I bought a used copy of Bukowski’s Tales of Ordinary Madness at a bookstore in Lawrence, Kansas. I had read most of Bukowski’s work in my twenties, but that was a time when I only read books from public libraries. I didn’t have the money to purchase books. I never had. If I wanted to read Ham on Rye, I would wait a year or two to find a copy in a public library in Portland, Oregon, or Albuquerque, New Mexico, or Columbus, Ohio. Wherever I moved next during my Great Search for America: Or, A Job that Paid Enough to Cover the Rent in My Crummy Apartment Far from the Hills of Southeastern Ohio. I was at the mercy of public libraries and the books that returned, God bless their souls. The small, public libraries in the region where I grew up didn’t carry much Charles Bukowski, or many of the other writers that I enjoyed. Sure, I might taste a few of their books, but they were apples leading me to a broader table. A need. A want. Growth: the original sin.
This all happened before the internet, when sins went the way of the world.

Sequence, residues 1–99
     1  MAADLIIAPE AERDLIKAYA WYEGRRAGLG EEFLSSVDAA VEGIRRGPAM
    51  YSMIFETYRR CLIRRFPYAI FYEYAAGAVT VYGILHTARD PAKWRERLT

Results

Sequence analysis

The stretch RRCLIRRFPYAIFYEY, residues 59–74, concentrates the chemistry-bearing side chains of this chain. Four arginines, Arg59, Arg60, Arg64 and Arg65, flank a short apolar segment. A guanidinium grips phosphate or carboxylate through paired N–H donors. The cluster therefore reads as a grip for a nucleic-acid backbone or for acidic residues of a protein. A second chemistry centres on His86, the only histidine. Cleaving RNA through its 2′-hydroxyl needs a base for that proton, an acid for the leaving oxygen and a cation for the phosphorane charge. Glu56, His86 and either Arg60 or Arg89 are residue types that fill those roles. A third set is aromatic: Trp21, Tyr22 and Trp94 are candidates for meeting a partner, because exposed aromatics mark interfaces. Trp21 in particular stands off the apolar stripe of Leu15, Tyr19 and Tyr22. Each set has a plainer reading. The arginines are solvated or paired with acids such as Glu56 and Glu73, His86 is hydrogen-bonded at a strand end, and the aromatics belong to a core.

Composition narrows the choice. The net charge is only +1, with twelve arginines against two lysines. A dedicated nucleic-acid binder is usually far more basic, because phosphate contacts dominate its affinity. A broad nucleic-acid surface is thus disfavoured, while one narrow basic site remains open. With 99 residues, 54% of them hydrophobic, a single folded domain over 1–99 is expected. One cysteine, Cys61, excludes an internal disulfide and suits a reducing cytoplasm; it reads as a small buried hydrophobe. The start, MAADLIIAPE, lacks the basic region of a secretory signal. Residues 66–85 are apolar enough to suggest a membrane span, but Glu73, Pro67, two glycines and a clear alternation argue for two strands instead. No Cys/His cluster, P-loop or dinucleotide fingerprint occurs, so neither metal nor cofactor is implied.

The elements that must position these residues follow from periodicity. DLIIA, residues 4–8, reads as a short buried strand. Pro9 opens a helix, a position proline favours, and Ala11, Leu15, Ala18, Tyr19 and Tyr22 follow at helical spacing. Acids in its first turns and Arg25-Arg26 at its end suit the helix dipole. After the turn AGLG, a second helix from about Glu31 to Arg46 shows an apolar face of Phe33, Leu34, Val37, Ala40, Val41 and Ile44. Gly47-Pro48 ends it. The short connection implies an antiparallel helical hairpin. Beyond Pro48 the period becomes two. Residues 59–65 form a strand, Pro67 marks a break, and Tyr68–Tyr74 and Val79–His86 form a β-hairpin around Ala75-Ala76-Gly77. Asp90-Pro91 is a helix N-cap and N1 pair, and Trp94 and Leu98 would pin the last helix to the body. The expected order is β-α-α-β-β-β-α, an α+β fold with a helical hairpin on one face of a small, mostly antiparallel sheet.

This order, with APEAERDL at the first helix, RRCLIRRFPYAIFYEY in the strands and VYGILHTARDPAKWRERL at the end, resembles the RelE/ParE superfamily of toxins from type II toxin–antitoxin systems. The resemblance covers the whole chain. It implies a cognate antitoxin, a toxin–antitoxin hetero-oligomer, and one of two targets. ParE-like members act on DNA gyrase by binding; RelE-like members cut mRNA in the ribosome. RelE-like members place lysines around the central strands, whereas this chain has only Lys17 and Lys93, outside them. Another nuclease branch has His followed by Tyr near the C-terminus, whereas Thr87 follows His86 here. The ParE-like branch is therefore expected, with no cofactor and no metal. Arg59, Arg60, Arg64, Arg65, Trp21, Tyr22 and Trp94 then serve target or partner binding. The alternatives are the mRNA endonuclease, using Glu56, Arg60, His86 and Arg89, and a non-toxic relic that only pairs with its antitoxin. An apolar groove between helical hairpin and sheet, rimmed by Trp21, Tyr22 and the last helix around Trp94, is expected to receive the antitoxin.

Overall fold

Cast out of the garden, I wandered the earth, working landscaping jobs and washing dishes and picking up trash to pay for the rent and my beans.
Eventually, I lived in enough places to read Bukowski’s entire oeuvre.
In my forties, I realized that I didn’t own a single one of his books. I hadn’t read any of his stuff for years. He was a ghost of my work boots. But there it was: Ham on Rye. And look! Tales of Ordinary Madness. I bought each copy for four dollars and change and carried them back home to Ohio, back to the tainted garden, back to the house that I was looking to sell.
All this traveling required oil.
Lubrication of the machine.
Bukowski would understand.
I had changed my own vehicle’s oil since I was sixteen. I still have the wide, low metal drip pan, filmed by time and dented by gravel that my father had used since he had taught me the work. The same one that my father discarded before he too left home, casting himself free from his familial bond. But one day I took my car in for repairs in my mid-thirties. I had the shop change the oil along with everything else that was needed to plan my next escape.
And that was it.